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Today's post is contributed by Lois Wang from the Access team.
J.R. Arredondo and I had the opportunity to be at TechEd 2011 in Atlanta last week. We had two talks: a small interactive session called ”Empowering information workers with Access,” and a big-room presentation called “Managing Access databases in your organization with SharePoint” that gathered around 120 people. I wanted to share with you some of our takeaways from discussions with the attendees.
Our sessions showed Access Services in action and centered on how to empower information workers through Access, as well as on how to manage many Access databases by using SharePoint, Office 365, and SharePoint. Many customers are telling us about the roles that Access Services plays in their investments in SharePoint and Office 365, which by the way continue on their great sales trajectory. Many IT folks came to the Office demo booth to tell us about their projects. It was great to hear that only roughly a year after the worldwide availability of SharePoint 2010, and a few months after the launch of Office 365, customers are already sharing with us their stories and experiences about using these to collaborate, organize content, do business intelligence, find information, and of course to manage and distribute Access databases to their users.
It is great to also see that people are very excited about using technologies such SQL Azure, Windows Azure, and Office 365 as part of their cloud strategy. IT pros are telling us that they continue to learn more and more about these technologies and about the opportunities and challenges that they will face as they help drive their organizations toward cloud-based services and infrastructure. Of course, many are already actively working on these projects. It was great to see the interactions between the two groups--those who are still exploring and those who are already implementing these projects. IT pros gave us the same message around applications. They have been adopting cloud-based business applications, using either SQL Azure and/or Windows Azure, or no-code apps directly within SharePoint and Office 365.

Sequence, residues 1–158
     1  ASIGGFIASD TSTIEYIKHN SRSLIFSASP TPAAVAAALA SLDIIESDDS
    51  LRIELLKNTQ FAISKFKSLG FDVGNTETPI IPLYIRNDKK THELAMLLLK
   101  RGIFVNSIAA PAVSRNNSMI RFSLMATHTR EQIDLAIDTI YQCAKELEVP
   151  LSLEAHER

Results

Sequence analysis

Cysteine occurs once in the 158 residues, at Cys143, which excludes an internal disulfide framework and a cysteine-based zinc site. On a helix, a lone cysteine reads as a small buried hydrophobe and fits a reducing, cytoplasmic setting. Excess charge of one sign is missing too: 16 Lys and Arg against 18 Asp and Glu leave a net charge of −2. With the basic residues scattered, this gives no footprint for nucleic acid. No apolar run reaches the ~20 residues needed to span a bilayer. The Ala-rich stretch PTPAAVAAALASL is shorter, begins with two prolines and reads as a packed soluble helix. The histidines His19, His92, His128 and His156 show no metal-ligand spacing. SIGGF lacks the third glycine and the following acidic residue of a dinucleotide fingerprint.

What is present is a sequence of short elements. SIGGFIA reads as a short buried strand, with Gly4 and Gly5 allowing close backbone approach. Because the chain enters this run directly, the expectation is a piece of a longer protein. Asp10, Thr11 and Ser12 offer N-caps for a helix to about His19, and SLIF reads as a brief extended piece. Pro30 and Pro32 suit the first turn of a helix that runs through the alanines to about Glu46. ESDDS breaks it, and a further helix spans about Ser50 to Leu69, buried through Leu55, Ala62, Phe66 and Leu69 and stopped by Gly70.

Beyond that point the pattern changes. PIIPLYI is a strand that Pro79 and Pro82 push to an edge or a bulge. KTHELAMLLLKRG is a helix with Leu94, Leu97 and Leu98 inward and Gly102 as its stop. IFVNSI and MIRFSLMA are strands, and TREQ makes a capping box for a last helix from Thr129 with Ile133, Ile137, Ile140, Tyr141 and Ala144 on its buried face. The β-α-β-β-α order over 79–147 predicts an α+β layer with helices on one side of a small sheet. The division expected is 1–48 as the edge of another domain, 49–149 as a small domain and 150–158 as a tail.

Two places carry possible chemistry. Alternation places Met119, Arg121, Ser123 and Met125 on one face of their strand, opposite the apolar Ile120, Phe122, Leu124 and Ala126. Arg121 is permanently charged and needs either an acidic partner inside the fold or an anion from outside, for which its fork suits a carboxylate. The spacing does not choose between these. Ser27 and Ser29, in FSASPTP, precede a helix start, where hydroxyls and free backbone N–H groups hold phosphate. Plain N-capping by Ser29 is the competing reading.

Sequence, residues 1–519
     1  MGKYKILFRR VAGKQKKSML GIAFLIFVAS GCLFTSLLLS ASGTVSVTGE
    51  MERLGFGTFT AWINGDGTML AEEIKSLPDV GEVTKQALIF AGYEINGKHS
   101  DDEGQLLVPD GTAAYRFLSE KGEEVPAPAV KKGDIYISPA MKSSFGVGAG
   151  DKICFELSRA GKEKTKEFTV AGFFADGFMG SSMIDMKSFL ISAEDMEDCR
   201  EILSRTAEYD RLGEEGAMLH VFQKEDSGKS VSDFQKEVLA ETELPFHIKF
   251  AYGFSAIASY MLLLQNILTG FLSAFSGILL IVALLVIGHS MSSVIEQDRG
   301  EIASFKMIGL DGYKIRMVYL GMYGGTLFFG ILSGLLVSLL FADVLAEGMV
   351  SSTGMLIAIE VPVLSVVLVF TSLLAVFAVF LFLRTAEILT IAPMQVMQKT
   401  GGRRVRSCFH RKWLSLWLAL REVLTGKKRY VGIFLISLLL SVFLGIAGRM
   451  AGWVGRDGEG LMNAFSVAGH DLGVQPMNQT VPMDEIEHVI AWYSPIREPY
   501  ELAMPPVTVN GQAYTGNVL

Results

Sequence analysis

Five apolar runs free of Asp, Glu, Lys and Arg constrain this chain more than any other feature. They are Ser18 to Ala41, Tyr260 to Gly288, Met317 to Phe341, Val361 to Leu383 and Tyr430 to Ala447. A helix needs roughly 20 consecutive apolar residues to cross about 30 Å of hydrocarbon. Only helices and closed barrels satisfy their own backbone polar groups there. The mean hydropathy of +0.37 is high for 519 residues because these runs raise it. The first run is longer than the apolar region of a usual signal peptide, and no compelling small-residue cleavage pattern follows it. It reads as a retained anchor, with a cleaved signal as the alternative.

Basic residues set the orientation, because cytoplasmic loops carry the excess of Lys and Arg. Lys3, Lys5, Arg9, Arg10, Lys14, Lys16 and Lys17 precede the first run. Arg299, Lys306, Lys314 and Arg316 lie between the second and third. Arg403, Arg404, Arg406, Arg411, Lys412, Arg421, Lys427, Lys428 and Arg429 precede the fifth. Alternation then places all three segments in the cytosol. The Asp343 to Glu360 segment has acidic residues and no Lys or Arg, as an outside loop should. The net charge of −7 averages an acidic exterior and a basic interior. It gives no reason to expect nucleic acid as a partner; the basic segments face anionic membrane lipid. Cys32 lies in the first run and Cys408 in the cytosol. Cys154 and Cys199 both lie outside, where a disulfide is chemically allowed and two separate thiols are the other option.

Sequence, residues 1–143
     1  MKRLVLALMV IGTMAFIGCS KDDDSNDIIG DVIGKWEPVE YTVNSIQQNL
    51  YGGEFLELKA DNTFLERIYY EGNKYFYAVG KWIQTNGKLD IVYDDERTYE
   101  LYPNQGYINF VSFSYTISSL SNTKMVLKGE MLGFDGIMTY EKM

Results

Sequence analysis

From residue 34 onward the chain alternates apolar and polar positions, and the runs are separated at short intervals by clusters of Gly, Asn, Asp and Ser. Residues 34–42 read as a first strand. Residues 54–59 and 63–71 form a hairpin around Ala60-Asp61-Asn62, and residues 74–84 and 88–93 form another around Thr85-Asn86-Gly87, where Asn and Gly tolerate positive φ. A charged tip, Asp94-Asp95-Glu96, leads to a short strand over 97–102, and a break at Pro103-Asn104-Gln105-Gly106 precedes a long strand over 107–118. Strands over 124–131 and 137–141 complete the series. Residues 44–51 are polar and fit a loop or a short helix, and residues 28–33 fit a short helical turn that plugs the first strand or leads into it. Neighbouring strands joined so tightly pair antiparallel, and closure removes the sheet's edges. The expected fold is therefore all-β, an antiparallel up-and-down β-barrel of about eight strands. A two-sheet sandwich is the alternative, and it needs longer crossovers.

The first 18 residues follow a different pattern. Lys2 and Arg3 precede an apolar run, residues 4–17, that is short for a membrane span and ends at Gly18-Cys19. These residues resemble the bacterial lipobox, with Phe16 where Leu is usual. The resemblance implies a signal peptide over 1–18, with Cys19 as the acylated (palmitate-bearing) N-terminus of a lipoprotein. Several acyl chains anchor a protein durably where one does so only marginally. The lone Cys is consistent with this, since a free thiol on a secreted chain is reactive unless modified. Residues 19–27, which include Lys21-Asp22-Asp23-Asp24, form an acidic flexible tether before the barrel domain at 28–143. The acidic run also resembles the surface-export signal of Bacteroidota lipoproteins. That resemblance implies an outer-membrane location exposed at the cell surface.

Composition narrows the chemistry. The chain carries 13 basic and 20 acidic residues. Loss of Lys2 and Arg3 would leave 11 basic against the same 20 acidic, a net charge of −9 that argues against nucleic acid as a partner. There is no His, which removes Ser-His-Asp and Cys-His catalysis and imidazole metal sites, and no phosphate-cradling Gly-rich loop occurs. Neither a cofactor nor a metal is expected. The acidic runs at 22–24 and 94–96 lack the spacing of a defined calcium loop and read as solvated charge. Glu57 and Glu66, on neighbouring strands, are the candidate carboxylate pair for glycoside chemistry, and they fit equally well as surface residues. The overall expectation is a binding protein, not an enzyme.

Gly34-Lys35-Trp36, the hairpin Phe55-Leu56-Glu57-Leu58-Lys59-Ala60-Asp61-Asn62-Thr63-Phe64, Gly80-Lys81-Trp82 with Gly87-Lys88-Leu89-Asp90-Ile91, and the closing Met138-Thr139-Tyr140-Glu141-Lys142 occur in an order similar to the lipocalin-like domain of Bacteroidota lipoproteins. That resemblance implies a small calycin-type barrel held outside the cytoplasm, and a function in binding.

Thanks to all of you who stopped by to give us feedback about Access and Access Services 2010 and ideas for the future version of Access. We are glad to see that many of the comments are already being addressed as part of our planning for the future version of Access and Access Services. Keep this feedback coming!
Check out my "Learn How To Create Access Web Databases with Office 365’s SharePoint Online Beta from my Latest Webcast" post at accessindepth.blogspot.com for a real world example.
Very informative resource--thanks for posting, Roger!
Thanks for sharing your experiences. Kudos to the team for all the hard work to making Microsoft Access more popular in enterprises.